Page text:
Steph and the Access Team
It’s a real rollercoaster of emotion working for the Care4Calais Legal Access Team, and there’s no emotion you don’t feel at some point. Sometimes the horrific experiences refugees tell us about can be hard to listen to; other times, it’s really enjoyable to think you’re helping people, and you can feel pride knowing you helped someone avoid being unfairly deported, for example.
The Legal Access Team refers refugees seeking asylum in the U.K. to lawyers who can help them with the immigration system. It’s so scary for people because they arrive here and they’re given all this complicated paperwork, often in a language that they often don’t fully understand. Often they haven’t even been given the right basic papers they need to even start their application – that’s something we help with a lot.
But we also provide friendship and support to people as they move through the system, often at a very slow place. It can be so difficult for refugees at the end of what has often been a really long and traumatizing journey here. They sort of think when they get here that’s it – but in fact they then face another rigmarole to go through the process of playing a part in society here.
I was one of the three volunteers who first set up the team back in Spring last year. The woman then in charge, Hermione, knew there was a need, and began forwarding the names of refugees needing help to us, and we rang around immigration lawyers local to each person, asking if they would take on the case. As word spread we became very busy – we started off with a short list of names but now we are supporting nearly 2000 people. Some of our first clients have even started to get Refugee Status!
I worked with our very first refugee, case number one, a guy in his mid-20s from Burkina Faso. In fact I still do, because he’s still waiting for his interview with the Home Office, and he’s been moved around hotels and dispersal accommodation a lot – it makes it very tough for him because every time he has tried to put down roots and get involved with volunteering organisations, he’s been moved on. He’s an example of how our friendship can help to give someone just a bit support and continuity.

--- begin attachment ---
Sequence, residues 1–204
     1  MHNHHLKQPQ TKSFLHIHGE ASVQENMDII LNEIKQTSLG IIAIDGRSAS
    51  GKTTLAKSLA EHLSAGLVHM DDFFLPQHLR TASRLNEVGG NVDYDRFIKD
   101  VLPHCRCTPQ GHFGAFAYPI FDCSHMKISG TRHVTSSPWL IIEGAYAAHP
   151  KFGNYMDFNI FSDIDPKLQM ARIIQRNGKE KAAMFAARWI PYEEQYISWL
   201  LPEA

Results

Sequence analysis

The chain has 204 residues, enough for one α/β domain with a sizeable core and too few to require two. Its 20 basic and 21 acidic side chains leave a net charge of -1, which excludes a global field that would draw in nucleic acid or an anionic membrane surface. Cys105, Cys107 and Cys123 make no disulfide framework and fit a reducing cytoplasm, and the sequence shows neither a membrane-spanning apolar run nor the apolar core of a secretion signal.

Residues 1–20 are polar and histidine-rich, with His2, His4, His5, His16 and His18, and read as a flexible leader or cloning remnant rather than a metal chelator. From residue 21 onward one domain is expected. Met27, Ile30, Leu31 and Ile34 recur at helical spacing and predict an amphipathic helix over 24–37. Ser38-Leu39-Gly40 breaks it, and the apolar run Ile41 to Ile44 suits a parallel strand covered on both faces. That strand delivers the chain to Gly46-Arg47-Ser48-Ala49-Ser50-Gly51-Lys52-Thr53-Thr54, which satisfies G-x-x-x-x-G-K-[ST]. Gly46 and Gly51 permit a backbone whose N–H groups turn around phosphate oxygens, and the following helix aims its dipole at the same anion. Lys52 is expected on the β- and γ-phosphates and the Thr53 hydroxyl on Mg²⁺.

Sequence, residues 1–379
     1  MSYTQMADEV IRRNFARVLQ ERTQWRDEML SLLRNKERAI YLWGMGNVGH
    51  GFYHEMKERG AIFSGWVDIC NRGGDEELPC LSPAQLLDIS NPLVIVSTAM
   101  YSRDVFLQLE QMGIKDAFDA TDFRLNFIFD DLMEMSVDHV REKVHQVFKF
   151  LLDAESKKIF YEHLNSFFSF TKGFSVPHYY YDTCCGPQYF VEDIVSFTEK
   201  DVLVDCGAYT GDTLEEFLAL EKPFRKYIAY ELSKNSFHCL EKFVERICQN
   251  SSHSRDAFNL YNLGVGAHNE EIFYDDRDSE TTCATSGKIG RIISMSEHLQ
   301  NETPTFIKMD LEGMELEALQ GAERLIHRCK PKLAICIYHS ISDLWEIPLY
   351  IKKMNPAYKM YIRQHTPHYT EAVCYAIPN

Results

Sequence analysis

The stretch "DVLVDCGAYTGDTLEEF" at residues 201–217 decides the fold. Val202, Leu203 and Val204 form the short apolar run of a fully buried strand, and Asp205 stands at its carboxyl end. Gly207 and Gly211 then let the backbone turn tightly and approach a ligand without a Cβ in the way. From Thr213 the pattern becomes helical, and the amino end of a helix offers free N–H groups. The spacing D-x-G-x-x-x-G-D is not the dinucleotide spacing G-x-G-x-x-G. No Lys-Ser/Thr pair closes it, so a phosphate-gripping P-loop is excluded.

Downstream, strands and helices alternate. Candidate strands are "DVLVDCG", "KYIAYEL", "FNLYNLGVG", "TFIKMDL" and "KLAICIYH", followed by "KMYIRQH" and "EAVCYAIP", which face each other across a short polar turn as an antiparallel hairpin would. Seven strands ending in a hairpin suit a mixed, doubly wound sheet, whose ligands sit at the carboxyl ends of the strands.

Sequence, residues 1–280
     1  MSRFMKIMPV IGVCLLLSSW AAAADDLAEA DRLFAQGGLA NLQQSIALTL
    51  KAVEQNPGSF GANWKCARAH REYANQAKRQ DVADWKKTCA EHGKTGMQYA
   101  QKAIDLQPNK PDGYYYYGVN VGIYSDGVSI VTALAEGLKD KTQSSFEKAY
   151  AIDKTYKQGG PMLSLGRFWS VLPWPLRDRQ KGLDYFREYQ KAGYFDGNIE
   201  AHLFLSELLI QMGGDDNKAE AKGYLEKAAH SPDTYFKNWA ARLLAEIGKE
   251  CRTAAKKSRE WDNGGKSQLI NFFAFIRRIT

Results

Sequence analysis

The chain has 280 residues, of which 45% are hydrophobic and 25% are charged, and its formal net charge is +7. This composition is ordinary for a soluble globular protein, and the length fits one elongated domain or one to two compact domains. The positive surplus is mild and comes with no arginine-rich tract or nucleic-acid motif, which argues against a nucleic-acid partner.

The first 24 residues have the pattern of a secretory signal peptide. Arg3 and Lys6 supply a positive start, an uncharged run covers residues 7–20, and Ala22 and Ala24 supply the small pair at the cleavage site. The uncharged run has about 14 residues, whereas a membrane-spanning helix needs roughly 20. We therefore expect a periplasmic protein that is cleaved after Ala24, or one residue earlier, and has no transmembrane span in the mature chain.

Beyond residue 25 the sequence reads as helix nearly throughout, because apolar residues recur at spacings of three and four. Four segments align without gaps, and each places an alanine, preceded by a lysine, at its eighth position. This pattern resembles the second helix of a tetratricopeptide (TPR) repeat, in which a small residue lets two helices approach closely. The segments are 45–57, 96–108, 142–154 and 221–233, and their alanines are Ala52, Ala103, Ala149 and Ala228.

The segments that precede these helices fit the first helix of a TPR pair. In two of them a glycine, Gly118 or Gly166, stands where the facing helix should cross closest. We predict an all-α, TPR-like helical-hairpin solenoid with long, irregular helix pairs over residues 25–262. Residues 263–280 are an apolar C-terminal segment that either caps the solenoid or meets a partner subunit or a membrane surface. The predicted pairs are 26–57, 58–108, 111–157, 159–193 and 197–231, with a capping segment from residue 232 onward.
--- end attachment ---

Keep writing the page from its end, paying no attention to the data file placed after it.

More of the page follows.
One thing we did that I felt really good about was stopping people from being wrongly deported just before Brexit took effect. At that time the government seemed to be trying to remove as many asylum seekers as possible, because the law was going to change, and possibly make removing people harder. We were receiving calls from people in detention centres who were in line to go, and getting them lawyers who could assist them; they were able to put forward the valid legal arguments for why they should be able to have their claims heard in the U.K.
In some cases we were making calls that meant people who had been given plane tickets – even some who were on the plane ready to leave – were able to stay, as they had a legal right to. I felt a whole mixture of emotions about that, but it does feel good to have helped. That’s why I keep doing it. When I see things like that, it just kind of makes a lot of other stuff that I do in life seems less important.
My job is with the NHS, but I really enjoy volunteering with the Legal Access Team. I’ve been to help out in northern France as well, and I loved that (that’s where I am in the photo, pointing to this amazing drawing of a house a little girl had done with me). I’m still in touch with friends I made there, and have great chats with them. It’s all just so rewarding really.
I’d definitely recommend volunteering the Legal Access Team. It’s grown so much since it started, and there’s so many people who need support, there are different roles based on how much time you’re able to give. If you’d like to be part of the team email [email protected]